Independent panel formed to review '08 Phoenix kidnapping statisticsPosted: Updated:
PHOENIX – The Phoenix city manager has commissioned a panel of independent experts to look into 2008 kidnapping statistics that were allegedly inflated by the Phoenix Police Department to obtain $1.7 million a federal grant.
According to a memo from Assistant City Manager Ed Zuercher to City Manager David Cavazos, the panel will be made up of five people -- Larry McCormick, retired FBI Special Agent in Charge (Kansas City); Hon. Cecil Patterson, Judge (ret.), Arizona Court of Appeals; Hon. Michael D. Ryan, Justice (ret.), Arizona Supreme Court; Karen Thoreson, Alliance for Innovation president and former Tucson assistant city manager; and Michael White, Ph.D., an associate professor at Arizona State University’s School of Criminology and Criminal Justice.
Thoreson will serve as the panel chairwoman.
The newly formed panel has six main tasks.
First, it will review the 2008 kidnapping statistics in question. It will also review the process that was used to validate the numbers.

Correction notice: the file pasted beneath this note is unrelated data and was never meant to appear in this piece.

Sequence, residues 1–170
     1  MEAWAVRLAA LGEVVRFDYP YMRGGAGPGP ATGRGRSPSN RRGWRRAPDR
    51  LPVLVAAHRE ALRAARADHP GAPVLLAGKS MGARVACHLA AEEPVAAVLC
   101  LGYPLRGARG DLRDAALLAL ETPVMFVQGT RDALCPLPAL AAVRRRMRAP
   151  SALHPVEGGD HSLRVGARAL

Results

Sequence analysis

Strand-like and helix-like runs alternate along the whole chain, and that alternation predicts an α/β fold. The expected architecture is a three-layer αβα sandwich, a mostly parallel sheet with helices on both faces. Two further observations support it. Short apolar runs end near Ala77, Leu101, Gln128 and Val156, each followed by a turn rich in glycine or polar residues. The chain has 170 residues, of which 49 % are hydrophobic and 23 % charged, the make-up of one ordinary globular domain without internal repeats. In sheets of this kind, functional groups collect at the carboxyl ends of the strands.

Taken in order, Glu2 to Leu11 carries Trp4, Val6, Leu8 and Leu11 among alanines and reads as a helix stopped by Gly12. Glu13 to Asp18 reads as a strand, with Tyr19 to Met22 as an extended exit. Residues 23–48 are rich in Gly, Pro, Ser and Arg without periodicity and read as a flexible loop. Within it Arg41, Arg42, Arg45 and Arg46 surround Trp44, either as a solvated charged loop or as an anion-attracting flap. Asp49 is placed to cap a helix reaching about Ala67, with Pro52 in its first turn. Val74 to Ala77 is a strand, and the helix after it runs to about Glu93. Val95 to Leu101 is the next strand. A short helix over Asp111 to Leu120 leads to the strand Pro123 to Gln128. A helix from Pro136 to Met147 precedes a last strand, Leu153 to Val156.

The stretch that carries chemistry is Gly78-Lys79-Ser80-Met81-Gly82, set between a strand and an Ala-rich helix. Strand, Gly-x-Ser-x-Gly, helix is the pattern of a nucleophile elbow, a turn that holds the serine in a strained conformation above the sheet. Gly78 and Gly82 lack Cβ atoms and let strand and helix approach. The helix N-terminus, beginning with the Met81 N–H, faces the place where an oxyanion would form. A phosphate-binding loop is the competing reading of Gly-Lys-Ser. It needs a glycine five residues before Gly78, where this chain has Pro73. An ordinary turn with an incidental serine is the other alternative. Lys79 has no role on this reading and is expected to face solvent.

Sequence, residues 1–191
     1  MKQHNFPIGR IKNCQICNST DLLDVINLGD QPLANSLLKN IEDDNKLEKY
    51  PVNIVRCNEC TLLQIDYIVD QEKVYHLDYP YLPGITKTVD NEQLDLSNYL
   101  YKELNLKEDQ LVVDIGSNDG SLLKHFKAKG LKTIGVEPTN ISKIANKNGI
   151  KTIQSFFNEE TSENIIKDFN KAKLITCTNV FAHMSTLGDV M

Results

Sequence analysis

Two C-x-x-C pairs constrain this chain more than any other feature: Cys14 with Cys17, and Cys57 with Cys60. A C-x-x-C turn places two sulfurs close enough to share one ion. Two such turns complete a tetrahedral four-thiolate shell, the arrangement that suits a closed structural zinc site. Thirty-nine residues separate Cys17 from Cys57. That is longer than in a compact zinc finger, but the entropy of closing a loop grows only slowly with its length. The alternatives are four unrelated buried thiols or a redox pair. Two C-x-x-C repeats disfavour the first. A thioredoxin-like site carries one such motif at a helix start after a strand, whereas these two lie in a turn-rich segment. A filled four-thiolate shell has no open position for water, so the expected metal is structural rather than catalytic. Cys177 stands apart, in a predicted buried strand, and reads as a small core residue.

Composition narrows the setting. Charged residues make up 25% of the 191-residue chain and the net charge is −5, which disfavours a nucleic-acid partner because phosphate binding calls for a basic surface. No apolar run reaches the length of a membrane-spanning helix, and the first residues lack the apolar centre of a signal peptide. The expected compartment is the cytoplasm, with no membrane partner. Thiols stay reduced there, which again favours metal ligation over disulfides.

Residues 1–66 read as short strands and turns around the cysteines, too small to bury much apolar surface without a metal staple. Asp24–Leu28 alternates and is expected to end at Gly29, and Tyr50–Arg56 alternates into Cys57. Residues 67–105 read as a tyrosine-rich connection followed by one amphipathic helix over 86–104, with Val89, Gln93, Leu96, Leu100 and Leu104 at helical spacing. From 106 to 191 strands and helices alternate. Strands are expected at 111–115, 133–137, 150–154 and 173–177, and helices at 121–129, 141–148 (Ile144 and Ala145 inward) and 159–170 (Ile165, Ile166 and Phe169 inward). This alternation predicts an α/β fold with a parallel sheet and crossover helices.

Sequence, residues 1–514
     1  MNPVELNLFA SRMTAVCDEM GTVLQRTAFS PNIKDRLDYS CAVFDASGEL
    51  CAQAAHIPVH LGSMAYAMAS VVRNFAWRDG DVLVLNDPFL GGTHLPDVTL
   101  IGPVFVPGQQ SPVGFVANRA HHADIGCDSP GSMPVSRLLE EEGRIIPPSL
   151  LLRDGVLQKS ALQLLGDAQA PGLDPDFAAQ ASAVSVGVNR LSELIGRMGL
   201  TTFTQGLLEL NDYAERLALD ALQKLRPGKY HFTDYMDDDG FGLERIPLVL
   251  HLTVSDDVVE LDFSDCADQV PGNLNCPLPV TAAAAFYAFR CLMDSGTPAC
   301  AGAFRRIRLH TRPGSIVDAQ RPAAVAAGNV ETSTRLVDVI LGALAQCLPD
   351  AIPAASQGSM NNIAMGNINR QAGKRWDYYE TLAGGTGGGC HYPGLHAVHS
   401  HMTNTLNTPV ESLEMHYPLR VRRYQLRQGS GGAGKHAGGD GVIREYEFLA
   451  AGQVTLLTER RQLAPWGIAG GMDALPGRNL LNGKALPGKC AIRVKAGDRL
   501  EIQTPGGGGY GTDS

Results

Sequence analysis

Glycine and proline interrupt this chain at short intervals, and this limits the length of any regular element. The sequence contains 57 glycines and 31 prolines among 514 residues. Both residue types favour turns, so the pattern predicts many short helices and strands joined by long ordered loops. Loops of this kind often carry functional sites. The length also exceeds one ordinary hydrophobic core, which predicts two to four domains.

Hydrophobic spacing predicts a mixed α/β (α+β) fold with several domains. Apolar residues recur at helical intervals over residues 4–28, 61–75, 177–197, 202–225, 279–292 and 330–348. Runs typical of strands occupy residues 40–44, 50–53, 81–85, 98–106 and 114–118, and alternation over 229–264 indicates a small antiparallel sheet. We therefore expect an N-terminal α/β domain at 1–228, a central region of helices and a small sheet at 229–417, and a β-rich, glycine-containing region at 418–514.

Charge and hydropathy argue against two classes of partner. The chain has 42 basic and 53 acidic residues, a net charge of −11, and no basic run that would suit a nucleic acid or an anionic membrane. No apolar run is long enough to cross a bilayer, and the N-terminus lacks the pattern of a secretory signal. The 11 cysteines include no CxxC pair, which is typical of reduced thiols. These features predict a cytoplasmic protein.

From there, it will take a look at every grant application that cited the 2008 kidnapping statistics.
In addition to the 2008 numbers that at the center of the controversy, the panel will also take a look at statistics from 2007, 2009, and 2010.
After determining if a more in-depth review of other statistical reporting from the Phoenix Police Department is warranted, the panel will make recommendations on any changes it deems necessary.
The panel will hold its first meeting on March 25, and is slated to submit a progress report to Cavazos by May 3.
Initially, the Phoenix Police Department reported more than 350 kidnappings in 2008. Based on that number, the department and many politicians labeled Phoenix as the “kidnapping capital of America.”
Supposedly, Mexico City was the only city in the entire world that had more kidnappings. The department later said as many as 100 of the reports included in that initial number should not have been counted.
U.S. Justice Department auditors also are reviewing the numbers submitted by the department to determine whether it deserved the $1.7 million grant. In addition, the city has frozen any spending of the grant money, which would support a squad that investigates kidnappings.
Amid the review of the 2008 kidnapping statistics, Public Safety Manager Jack Harris, formerly the chief of police, was reassigned. Harris retained his title and duties as public safety manager, but he no longer manages the daily operations of the Phoenix Police Department.
While the independent panel conducts its review, interim Police Chief Joe Yahner, who was the executive assistant chief, will run the department.